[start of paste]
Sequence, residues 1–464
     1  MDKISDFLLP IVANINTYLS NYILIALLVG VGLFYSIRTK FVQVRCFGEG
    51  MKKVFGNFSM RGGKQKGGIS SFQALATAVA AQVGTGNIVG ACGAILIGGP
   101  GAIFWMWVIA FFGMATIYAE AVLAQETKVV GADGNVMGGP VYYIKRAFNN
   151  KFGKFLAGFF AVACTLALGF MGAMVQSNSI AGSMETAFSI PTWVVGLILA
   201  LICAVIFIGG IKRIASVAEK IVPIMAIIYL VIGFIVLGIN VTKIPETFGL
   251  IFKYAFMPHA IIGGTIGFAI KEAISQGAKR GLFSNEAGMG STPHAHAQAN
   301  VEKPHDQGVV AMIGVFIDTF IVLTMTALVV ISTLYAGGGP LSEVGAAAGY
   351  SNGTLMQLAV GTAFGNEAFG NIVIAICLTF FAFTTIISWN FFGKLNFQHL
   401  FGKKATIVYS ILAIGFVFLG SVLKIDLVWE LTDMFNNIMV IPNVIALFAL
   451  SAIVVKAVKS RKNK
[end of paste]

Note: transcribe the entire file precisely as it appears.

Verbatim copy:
Sequence, residues 1–464
     1  MDKISDFLLP IVANINTYLS NYILIALLVG VGLFYSIRTK FVQVRCFGEG
    51  MKKVFGNFSM RGGKQKGGIS SFQALATAVA AQVGTGNIVG ACGAILIGGP
   101  GAIFWMWVIA FFGMATIYAE AVLAQETKVV GADGNVMGGP VYYIKRAFNN
   151  KFGKFLAGFF AVACTLALGF MGAMVQSNSI AGSMETAFSI PTWVVGLILA
   201  LICAVIFIGG IKRIASVAEK IVPIMAIIYL VIGFIVLGIN VTKIPETFGL
   251  IFKYAFMPHA IIGGTIGFAI KEAISQGAKR GLFSNEAGMG STPHAHAQAN
   301  VEKPHDQGVV AMIGVFIDTF IVLTMTALVV ISTLYAGGGP LSEVGAAAGY
   351  SNGTLMQLAV GTAFGNEAFG NIVIAICLTF FAFTTIISWN FFGKLNFQHL
   401  FGKKATIVYS ILAIGFVFLG SVLKIDLVWE LTDMFNNIMV IPNVIALFAL
   451  SAIVVKAVKS RKNK